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Pretty Lights at Red Rocks

DJ, DJ With Band, DJ With Band and Strings

Derek Vincent Smith, aka Pretty Lights, walks out to his DJ equipment atop a riser to a huge roar from the sold-out crowd at Red Rocks in early August. He has already played two sets at this first of two sold-out shows, one as solo DJ and one with his backing group, the Analog Future Band, which includes drummer Adam Deitch, keyboardist Brian Coogan, keyboardist Borahm Lee, trombonist Scott Flynn, trumpeter Eric Bloom, guitarist Eric Krasno, and turntablist Chris Karns.

For these two shows at Red Rocks, Smith, a Colorado native who has continuously pushed the boundaries of electronic dance music, has something special planned: a third set with both his band and a string section from the Colorado Symphony Orchestra.

The addition of the orchestra changed things a bit for front-of-house engineer/production manager Phil Salvaggio, though he says that the staging at Red Rocks was relatively painless. “Maybe we were more on top of it this time,” he notes. “Last year was the band’s first time playing, and they went into the shows maybe not having a full understanding of what a Pretty Lights show was, and now everybody knows. They’ve had a year under their belt, the rehearsals are a lot smoother, and they go into it knowing what they need to get done.”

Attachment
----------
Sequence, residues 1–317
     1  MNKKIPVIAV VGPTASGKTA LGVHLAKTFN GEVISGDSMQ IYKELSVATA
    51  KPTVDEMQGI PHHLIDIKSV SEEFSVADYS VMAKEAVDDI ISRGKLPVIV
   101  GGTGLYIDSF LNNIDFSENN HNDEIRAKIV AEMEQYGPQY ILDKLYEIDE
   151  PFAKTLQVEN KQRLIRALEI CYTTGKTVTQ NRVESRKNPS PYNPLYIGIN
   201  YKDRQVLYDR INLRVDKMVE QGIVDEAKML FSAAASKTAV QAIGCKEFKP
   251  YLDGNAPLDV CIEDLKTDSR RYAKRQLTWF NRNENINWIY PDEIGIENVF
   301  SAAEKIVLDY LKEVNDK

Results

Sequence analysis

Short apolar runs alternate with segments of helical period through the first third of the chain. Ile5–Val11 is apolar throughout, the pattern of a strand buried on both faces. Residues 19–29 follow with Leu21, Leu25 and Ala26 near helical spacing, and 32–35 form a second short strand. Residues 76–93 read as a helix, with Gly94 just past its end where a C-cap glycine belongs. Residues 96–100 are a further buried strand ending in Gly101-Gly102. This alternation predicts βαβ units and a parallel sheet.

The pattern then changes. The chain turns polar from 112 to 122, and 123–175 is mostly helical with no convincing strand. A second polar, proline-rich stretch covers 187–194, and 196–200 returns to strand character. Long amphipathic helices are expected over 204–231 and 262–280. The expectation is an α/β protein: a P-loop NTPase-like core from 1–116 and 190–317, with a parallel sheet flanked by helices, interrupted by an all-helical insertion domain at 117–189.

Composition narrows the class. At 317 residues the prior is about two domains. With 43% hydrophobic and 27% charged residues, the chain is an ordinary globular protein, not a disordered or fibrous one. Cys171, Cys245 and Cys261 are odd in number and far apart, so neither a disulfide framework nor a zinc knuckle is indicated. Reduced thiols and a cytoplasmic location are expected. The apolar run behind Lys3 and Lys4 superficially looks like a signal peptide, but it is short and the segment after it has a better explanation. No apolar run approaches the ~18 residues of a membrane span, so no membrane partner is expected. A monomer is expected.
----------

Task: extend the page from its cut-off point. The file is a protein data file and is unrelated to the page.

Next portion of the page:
Front-of-house engineer Phil Salvaggio

Salvaggio met Smith years ago while the two were playing in different bands in the Fort Collins area, not far from his hometown of Denver; he started working with the DJ in 2008. For these shows, because of the strings, he switched from his normal DiGiCo SD8 board to an SD7.